Yes, some diuretics — also called water pills — decrease potassium in the blood. Diuretics are commonly used to treat high blood pressure (hypertension). They lower blood pressure by helping your body eliminate sodium and water through your urine. However, some diuretics can also cause you to eliminate more potassium in your urine. This can lead to low potassium levels in your blood (hypokalemia).
Signs and symptoms of hypokalemia include:
- Heart rhythm problems (arrhythmias)
- Muscle cramps
Not all diuretics cause this problem. Medications called potassium-sparing diuretics don't lower potassium levels. Examples include spironolactone (Aldactone), eplerenone (Inspra) and triamterene (Dyrenium).
Treatment of low potassium may include:
- Changing to a potassium-sparing diuretic
- Increasing potassium in your diet
- Taking potassium supplements
Some medications used to treat high blood pressure may also increase your potassium level. They include angiotensin-converting enzyme (ACE) inhibitors, angiotensin II receptor blockers (ARBs) and renin inhibitors.
If you're taking an ACE inhibitor with a diuretic and getting enough potassium in your diet but your potassium level is still low, your doctor may recommend further testing to help identify the underlying cause.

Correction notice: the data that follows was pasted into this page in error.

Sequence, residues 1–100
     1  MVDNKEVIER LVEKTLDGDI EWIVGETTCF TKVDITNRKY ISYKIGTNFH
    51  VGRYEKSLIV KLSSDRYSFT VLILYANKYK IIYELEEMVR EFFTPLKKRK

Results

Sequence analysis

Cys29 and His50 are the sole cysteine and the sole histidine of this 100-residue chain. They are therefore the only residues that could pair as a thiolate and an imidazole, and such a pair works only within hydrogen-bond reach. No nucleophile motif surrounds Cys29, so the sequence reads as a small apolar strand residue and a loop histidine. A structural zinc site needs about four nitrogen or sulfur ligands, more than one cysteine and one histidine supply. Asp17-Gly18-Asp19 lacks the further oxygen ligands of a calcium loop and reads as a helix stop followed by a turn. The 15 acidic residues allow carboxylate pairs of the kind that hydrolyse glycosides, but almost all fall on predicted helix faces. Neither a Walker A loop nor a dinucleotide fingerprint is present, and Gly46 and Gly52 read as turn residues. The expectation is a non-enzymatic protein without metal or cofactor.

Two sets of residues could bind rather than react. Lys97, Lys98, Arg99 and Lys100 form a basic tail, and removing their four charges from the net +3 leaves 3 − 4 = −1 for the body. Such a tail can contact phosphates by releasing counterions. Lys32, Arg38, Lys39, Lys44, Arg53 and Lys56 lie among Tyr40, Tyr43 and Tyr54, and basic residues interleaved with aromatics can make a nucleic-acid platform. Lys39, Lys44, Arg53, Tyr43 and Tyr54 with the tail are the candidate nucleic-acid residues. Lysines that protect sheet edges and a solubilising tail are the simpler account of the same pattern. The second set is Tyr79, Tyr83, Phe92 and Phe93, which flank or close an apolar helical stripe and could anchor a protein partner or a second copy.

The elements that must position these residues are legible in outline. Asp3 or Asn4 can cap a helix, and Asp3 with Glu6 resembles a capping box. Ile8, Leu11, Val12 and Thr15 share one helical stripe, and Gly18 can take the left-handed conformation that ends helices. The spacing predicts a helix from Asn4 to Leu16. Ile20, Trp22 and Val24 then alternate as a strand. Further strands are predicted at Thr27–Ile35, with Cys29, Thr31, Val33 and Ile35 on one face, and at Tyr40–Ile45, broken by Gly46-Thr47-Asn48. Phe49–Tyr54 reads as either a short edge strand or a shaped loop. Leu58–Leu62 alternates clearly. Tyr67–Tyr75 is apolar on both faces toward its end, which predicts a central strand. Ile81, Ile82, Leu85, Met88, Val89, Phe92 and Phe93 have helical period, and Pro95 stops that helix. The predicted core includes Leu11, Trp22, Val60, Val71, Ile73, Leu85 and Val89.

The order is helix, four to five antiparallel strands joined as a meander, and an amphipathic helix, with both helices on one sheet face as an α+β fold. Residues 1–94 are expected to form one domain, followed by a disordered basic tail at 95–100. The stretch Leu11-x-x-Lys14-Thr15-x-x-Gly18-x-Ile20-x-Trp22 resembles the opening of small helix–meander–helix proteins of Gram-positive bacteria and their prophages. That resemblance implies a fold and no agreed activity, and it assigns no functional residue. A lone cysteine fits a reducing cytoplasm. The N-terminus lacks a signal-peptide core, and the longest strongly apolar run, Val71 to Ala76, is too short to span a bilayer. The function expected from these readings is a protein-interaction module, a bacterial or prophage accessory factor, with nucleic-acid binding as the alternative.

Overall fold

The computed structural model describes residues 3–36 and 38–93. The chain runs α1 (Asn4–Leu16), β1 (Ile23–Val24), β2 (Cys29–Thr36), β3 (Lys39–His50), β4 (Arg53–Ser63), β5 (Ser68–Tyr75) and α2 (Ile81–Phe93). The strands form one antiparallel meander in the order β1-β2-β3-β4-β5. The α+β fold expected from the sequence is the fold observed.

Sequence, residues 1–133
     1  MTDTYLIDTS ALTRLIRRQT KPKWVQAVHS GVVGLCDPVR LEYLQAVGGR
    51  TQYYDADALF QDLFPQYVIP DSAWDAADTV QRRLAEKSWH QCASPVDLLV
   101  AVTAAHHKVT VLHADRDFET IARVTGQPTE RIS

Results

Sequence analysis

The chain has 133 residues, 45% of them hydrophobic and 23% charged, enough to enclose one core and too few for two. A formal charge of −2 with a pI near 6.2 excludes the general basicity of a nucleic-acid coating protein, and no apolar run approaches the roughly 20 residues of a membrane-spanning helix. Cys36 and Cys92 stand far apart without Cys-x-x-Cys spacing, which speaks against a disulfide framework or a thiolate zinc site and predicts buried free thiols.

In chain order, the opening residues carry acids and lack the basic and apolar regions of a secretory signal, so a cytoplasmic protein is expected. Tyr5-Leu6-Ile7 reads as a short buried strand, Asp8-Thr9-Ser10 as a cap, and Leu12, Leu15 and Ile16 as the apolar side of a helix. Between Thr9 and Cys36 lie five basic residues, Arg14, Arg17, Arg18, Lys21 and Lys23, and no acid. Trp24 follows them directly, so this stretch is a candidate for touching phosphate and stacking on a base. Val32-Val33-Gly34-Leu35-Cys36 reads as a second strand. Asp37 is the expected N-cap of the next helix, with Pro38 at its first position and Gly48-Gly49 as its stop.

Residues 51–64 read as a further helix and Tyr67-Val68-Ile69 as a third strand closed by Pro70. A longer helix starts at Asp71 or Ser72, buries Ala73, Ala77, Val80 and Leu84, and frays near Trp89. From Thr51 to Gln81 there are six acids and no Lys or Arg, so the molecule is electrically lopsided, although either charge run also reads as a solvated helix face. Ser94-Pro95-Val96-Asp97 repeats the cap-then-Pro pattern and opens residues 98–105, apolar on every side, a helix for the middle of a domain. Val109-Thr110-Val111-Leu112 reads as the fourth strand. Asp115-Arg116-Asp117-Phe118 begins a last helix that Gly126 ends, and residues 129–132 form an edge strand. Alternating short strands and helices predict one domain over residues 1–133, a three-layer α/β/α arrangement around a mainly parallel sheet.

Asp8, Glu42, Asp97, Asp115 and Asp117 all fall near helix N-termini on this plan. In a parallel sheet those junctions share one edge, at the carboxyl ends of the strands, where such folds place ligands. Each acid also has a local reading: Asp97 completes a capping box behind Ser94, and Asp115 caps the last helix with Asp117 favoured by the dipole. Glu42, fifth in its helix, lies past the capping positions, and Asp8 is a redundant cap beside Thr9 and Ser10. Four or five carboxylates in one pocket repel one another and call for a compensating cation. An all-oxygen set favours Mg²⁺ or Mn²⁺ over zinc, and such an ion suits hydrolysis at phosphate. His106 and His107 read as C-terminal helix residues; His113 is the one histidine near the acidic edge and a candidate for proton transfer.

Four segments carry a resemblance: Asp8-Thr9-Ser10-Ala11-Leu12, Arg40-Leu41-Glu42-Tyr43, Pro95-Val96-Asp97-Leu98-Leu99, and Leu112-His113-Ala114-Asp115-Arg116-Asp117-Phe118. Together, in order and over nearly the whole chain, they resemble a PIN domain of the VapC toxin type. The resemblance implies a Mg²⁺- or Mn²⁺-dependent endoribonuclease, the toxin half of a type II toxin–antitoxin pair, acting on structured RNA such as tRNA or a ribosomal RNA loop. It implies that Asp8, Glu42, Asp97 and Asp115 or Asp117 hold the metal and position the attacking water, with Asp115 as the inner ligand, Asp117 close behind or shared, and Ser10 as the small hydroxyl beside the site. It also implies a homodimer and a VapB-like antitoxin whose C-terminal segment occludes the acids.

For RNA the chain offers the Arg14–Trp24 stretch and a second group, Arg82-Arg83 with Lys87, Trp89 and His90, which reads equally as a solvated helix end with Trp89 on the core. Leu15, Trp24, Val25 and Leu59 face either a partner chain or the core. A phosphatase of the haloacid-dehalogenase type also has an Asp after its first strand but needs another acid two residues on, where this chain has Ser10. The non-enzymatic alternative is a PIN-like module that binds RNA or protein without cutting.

April 21, 2020
- Mount DB. Causes of hypokalemia in adults. https://www.uptodate.com/contents/search. Accessed March 23, 2020.
- Types of blood pressure medications. American Heart Association. http://www.heart.org/HEARTORG/Conditions/HighBloodPressure/PreventionTreatmentofHighBloodPressure/Types-of-Blood-Pressure-Medications_UCM_303247_Article.jsp#.WOKSD2d1rIU. Accessed March 23, 2020.
- Mount DB. Clinical manifestations and treatment of hypokalemia in adults. https://www.uptodate.com/contents/search. Accessed March 23, 2020.
- AskMayoExpert. Hypokalemia. Mayo Clinic; 2019.
- AskMayoExpert. Hypertension (adult). Mayo Clinic; 2019.
- Hypokalemia. Merck Manual Professional Version. https://www.merckmanuals.com/professional/endocrine-and-metabolic-disorders/electrolyte-disorders/hypokalemia. Accessed March 23, 2020.